There are, as of now, five games in the Starter Kit series, and every one of them is a standalone product you can simply buy and play without worrying about dependencies. These five products are the Starter Kit 1 (Infantry only), Starter Kit 2 (Infantry + Guns), Starter Kit 3 (Infantry + Guns + Tanks), the Starter Kit Expansion Pack (scenarios of all three levels), and Decision at Elst, a campaign game which I can’t tell you anything about as of now, unfortunately 😦

So, which of these things should an aspiring newbie buy? It doesn’t matter too much, actually. I would recommend the Starter Kit Expansion Pack, because it has some really neat scenarios and covers all levels of play, but every Starter Kit product has at least one infantry-only scenario that allows to get into the rules step by step. Note that some of the aforementioned products are pretty hard to find because they’re temporarily out of print, but if you can get your hand on any of these, you’re covered.

An opponent with some experience is invaluable to actually learn the rules, because the Starter Kit rulebook (about 30 pages in its latest incarnation) can be really confusing at times. If you haven’t got one, Jay Richardson created some excellent tutorials.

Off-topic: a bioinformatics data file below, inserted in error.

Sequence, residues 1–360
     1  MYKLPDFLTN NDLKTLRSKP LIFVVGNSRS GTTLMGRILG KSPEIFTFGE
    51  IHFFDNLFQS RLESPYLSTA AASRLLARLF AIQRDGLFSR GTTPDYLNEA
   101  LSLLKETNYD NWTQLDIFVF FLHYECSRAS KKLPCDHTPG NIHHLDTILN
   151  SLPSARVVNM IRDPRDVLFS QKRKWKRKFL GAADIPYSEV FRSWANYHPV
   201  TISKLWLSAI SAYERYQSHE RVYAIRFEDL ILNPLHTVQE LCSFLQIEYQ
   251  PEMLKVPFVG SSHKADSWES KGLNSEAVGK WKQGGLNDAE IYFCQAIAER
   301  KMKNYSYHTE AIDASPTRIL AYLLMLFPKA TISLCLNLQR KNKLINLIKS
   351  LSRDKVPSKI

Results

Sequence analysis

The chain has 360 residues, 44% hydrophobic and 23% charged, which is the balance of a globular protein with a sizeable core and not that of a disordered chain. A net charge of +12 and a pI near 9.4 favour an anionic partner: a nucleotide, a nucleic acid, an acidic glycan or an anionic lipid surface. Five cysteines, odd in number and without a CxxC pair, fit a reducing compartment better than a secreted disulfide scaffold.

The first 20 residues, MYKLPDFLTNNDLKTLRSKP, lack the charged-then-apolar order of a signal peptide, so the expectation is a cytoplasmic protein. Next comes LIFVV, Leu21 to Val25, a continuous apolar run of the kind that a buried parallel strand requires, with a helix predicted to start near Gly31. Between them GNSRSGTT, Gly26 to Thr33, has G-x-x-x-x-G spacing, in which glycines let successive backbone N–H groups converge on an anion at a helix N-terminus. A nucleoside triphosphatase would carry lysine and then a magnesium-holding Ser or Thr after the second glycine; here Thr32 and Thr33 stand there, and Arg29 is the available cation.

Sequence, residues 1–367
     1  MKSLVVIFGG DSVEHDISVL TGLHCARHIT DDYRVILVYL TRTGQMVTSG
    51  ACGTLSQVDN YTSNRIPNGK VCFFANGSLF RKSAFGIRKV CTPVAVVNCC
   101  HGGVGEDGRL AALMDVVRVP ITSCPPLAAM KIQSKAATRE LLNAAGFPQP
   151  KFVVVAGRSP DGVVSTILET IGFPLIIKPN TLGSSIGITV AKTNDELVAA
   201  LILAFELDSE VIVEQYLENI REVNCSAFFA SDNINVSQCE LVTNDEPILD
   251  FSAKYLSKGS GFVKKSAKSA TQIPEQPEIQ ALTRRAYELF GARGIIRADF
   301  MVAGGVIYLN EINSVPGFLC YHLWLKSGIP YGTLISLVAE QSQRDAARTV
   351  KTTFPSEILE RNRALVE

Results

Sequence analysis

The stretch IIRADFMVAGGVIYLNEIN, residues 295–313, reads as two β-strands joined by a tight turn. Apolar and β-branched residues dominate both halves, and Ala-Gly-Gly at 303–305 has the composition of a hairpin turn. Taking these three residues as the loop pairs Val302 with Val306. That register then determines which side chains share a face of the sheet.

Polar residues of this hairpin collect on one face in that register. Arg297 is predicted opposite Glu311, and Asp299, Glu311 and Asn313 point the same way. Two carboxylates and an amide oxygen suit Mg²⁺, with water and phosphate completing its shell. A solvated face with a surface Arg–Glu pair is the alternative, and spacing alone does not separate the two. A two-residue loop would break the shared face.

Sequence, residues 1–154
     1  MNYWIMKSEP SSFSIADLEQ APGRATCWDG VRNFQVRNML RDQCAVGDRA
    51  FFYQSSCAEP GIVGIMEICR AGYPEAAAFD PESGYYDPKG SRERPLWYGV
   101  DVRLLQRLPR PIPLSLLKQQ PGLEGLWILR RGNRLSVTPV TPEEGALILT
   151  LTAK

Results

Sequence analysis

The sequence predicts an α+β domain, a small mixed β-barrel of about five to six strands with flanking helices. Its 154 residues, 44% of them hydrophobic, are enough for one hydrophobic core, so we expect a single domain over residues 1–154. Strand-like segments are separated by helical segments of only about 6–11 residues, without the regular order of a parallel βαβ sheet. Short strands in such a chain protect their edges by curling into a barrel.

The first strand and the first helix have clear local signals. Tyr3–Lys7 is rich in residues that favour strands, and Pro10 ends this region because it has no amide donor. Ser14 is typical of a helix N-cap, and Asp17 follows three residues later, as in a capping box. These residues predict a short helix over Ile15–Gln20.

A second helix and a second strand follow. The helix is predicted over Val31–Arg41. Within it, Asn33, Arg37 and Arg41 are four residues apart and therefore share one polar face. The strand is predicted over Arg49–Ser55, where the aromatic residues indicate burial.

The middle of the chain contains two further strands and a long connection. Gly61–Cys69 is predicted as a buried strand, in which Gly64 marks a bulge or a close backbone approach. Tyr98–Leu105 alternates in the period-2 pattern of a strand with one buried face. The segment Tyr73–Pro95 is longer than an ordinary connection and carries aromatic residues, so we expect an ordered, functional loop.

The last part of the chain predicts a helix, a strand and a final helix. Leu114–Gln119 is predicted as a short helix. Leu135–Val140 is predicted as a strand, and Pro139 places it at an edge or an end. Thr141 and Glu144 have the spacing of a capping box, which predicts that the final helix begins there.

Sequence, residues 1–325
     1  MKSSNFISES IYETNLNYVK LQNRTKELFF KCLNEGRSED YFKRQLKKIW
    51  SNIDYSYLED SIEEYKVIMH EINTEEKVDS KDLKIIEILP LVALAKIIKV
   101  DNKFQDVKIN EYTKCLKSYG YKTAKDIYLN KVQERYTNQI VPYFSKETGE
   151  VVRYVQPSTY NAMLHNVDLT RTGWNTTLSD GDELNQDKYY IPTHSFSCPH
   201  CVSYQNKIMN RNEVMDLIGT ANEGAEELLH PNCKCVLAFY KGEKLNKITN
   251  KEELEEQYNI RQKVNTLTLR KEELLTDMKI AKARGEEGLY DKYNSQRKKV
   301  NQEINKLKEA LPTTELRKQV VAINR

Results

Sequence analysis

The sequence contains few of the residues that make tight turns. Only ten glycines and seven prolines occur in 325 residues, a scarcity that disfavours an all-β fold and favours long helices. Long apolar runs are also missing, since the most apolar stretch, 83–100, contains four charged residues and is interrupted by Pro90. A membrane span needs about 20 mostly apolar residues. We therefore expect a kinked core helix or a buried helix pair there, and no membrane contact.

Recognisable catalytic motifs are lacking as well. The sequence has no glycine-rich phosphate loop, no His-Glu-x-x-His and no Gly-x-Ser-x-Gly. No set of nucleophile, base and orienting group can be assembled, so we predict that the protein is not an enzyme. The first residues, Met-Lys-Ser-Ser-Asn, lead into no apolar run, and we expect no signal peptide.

Keep in mind you’re not buying a very expensive tutorial, but a full game that will give you months to years of fun. Maybe you’ll just continue to play Starter Kit instead of switching to Full ASL because Starter Kit has everything you want but is cheaper and simpler – and that’s fine.

If you decide to switch to Full ASL eventually, you’ll find it’s a lot simpler than without the Starter Kit preparation. You probably can play Full ASL from the very beginning, but I personally think that is not a good idea and will likely be very frustrating. YMMV of course.

Some other things to mention:

* You can play ASL (full or Starter Kit) online, via a platform called VASL. You’ll still need the game and an opponent, but it’s a viable option if you haven’t got an experienced player who could mentor you in your local area.

* A small but interesting forum for ASL exists at BoardGameGeek, where you can also find lots of play aids, et cetera. There’s also a Facebook group.

You are not convinced ASL is the right game for you and just want to get some impressions? Then best have a look at some After Action Reports in one of the aforementioned forum.

I hope this helps some people to get into the game, roll low and have fun!

S48 Confusing Renaults (or something like that)

So my regular Starter Kit opponent and me sat down to play our first match of 2014, “Converging Assaults” (Starter Kit Expansion Pack #1, S48), which was probably the weirdest match I’ve ever played.